A Glimpse At Social Media And Mobile Adoption Rates

As you prepare for 2012, it’s likely that social media and mobile are making their way on to your agenda. And they should. These channels are growing and are particularly important if you are targeting a young audience.

We’re working on a report for early 2012 that examines adoption levels and frequency rates of use for numerous social media and mobile activities. The analysis will dig into differences across consumer demographic segments. Here’s an early glimpse at some of the high-level data:

Here’s that same analysis done for just 18 to 24 year-olds:

As you can see, there’s a dramatic difference in adoption rates, especially when looking at mobile activities.

The bottom line: You need to look at social media and mobile if you want to reach younger consumers

Written by 

I am an experience management transformist, helping organizations improve business results by engaging the hearts and minds of their customers, employees, and partners. My "job" is Head of the Qualtrics XM Institute. The Institute is still being established, but our goal is to help organizations around the world thrive by mastering Experience Management (XM). As part of this focus, I examine strategy, culture, interaction design, customer service, branding and leadership practices. And, as many people know, I love to speak about these topics in almost any forum. Prior to joining Qualtrics, I was managing partner of Temkin Group (leading CX research, advisory, and training firm), co-founder and chair of the Customer Experience Professionals Association (CXPA.org), and a VP at Forrester Research. I'm a fanatical student of business, so this blog provides an outlet for sharing insights from my ongoing educational journey. Check out my LinkedIn profile: www.linkedin.com/in/brucetemkin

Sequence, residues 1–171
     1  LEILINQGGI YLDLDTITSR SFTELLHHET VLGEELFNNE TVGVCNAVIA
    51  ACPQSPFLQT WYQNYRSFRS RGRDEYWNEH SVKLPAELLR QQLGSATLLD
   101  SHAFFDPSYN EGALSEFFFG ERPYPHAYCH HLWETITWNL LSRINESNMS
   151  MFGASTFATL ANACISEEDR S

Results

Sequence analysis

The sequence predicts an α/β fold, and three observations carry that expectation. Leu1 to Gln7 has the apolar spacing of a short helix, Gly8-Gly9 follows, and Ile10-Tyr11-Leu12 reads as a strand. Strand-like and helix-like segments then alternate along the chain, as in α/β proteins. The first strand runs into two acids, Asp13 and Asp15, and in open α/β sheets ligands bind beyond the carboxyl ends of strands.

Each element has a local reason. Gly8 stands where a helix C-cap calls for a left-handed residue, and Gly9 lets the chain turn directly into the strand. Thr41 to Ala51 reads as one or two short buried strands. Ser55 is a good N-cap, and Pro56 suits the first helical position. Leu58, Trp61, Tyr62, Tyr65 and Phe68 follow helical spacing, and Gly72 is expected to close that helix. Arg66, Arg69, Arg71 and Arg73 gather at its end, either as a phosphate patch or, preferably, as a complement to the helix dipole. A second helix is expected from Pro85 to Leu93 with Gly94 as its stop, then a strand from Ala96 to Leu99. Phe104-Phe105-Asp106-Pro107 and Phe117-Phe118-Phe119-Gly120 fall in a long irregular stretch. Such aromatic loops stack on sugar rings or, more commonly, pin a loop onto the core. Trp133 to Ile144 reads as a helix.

2 thoughts on “A Glimpse At Social Media And Mobile Adoption Rates”

  1. Agreed. Especially true for tweens and early teenagers. Mobile and smartphone adoption has exploded, well outweighing web browsing or email. In fact, fewer teens and pre-teens are using email– it has become an antiquated form of technology with a 22% open rate. Companies need to embrace technologies their members use in order to communicate in a way their members live. Today, that means mobile.

    1. Madison, it is amazing that email is already becoming obsolete for the younger set. Hopefully my upcoming research will help companies understand some fo these trends across different consumer demographics.

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